Annie's take:

The Department of Commerce has been working on the National Strategy for Trusted Identities in Cyberspace this year. It's a tough struggle still, given privacy issues that persist on the Internet. The plan encourages the private-sector development and public adoption of online user authentication systems.

China Consolidates Grip on Rare Earths

"In the name of fighting pollution, China has sent the price of compact fluorescent light bulbs soaring in the United States."

Annie's take:

That China has a lock on rare earth minerals puts a real crimp in the global supply chain that manufacturers have relied upon for years.

U.S. needs to be on-guard for a big cyberattack

"A destructive attack from cyberspace "is coming, in my opinion. It is a question of time. What we don't know is how far out it is," and whether it will target commercial infrastructure, government networks or mobile platforms Army Gen. Keith Alexander told attendees of the "Maneuvering in Cyberspace" symposium this week."

Annie's take:

Hearing this warning is nothing new, but the level of cyber-threats seems to rising at a time when both the public and private sectors seem to be stretched thin.

Google Lets Wi-Fi Owners Opt Out of Registry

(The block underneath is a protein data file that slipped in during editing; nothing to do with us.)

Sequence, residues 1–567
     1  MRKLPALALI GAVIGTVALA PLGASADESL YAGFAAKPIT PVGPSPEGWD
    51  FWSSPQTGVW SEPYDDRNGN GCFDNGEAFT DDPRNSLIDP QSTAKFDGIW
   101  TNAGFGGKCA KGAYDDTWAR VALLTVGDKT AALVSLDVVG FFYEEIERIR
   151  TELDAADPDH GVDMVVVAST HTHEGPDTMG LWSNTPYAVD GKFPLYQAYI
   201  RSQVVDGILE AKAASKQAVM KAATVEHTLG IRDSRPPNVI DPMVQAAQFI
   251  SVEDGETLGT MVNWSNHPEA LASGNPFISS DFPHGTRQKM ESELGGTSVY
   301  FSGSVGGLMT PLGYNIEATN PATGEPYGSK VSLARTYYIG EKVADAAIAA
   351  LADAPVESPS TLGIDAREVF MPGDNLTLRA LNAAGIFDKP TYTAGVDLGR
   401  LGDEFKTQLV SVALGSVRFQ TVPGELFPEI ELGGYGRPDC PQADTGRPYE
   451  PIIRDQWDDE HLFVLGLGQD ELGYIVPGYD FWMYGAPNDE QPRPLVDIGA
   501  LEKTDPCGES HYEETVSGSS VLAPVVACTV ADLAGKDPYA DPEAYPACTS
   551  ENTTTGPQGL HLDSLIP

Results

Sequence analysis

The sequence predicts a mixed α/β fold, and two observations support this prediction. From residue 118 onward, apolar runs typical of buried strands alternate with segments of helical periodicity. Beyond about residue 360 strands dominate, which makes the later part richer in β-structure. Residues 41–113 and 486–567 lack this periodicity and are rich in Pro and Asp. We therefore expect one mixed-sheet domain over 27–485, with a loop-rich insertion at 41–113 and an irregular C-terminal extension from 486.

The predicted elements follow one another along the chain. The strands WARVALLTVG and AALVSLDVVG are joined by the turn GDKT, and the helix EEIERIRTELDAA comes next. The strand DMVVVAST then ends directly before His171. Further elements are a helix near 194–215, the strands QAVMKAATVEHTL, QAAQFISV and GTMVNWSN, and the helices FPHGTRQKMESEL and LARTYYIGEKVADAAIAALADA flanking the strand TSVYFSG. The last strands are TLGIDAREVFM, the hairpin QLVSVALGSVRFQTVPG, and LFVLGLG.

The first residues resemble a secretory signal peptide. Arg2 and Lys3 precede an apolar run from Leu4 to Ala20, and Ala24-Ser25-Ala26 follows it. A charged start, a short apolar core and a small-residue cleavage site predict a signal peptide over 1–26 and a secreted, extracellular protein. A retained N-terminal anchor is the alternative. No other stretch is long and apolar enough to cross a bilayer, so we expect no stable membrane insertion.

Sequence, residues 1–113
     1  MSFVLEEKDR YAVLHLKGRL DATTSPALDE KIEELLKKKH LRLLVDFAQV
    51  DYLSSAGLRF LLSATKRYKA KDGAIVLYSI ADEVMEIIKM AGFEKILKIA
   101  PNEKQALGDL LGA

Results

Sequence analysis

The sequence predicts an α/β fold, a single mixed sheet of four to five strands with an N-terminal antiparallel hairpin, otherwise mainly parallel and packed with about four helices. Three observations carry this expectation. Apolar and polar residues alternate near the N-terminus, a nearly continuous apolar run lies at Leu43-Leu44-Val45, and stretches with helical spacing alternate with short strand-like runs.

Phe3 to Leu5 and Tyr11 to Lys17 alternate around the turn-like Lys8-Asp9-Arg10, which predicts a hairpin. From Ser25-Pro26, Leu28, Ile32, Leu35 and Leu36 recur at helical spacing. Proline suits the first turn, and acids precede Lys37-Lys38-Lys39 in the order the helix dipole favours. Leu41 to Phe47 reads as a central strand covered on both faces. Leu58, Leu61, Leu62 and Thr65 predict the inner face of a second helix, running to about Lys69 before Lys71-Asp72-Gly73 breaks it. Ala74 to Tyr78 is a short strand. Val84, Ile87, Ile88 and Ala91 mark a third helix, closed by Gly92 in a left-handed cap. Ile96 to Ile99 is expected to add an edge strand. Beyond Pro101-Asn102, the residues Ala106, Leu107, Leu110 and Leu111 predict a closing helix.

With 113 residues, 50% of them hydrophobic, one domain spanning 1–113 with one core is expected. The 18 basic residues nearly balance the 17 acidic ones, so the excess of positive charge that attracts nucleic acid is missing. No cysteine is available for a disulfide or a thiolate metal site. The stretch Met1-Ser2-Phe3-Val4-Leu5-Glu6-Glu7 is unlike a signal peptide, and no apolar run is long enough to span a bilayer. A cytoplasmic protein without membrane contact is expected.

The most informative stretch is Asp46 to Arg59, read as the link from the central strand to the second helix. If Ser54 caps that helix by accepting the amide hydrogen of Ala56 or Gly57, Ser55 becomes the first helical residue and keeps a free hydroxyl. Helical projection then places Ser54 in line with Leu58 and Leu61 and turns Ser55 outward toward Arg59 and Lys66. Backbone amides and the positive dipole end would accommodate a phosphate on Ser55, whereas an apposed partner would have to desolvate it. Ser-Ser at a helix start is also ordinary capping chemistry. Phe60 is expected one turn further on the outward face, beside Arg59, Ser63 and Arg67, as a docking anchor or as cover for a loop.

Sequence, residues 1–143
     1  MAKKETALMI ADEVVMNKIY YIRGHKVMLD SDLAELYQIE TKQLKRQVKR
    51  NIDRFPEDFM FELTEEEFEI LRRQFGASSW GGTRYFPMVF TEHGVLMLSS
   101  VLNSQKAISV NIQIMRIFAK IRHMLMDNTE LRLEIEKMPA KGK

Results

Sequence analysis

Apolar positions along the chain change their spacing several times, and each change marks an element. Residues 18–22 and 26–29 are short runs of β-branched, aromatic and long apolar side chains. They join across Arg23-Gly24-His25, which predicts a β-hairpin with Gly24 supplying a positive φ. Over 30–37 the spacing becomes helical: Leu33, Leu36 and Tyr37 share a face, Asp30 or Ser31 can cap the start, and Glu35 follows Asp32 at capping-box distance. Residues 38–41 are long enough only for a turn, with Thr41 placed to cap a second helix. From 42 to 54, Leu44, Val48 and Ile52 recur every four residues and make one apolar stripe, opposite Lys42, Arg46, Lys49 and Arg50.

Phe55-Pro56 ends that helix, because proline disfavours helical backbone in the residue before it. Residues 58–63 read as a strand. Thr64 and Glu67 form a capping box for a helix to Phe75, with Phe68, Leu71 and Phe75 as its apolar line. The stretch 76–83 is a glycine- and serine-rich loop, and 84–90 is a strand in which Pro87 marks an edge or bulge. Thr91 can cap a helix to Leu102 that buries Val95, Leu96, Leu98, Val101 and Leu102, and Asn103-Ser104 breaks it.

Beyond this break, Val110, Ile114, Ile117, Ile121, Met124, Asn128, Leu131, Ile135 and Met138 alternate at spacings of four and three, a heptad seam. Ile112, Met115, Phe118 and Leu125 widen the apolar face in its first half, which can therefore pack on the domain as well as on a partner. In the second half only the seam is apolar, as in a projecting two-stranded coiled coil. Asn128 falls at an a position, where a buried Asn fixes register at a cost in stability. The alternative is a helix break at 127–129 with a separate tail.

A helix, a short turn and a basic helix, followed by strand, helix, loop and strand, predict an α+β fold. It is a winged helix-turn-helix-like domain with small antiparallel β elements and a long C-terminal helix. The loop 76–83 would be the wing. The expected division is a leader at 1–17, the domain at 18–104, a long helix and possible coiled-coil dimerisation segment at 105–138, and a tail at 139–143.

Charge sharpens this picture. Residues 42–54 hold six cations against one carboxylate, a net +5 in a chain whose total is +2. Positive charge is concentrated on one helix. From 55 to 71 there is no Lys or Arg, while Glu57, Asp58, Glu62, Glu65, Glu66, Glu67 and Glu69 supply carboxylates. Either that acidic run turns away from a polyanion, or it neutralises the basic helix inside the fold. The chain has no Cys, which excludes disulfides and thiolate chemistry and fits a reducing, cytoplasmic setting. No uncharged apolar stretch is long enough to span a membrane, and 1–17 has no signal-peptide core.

"Google defused a confrontation with European privacy regulators by announcing on Tuesday that it would give the owners of Wi-Fi routers worldwide the option of removing their devices from a registry Google uses to locate cellphone users."

Annie's take:

Here's another iteration on the security vs. privacy front -- allowing European users to opt out means that users cannot be tracked, for good or for other purposes. Google acted before European regulators forced them to this position.

WHO warns against hype related to H5N1 variant

"The evolution of a new H5N1 avian influenza virus does not increase risks to public health. This is the clear message from the World Health Organization as it attempts to play down media hype following the highlighting of the emergence of the variant by the Food and Agriculture Organization of the United Nations."

Annie's take:

This clarification by the World Health Organization is timely, and appropriate.

Ten Years Later: The Last Four 9/11 Commission Recommendations

“The life of the dead is placed in the memory of the living.”-- Marcus Tulius Cicero (106-43 BC) Writer, politician and Roman orator

“How wonderful it is that nobody need wait a single moment before starting to improve the world.”
-- Anne Frank

Annie's take:

This is my column for September's ASA newsletter. If we could move forward on the four remaining recommendations, the state of resilience in America would be enhanced.

September 11, 2001: A decade on, what business continuity and information security lessons have been learned?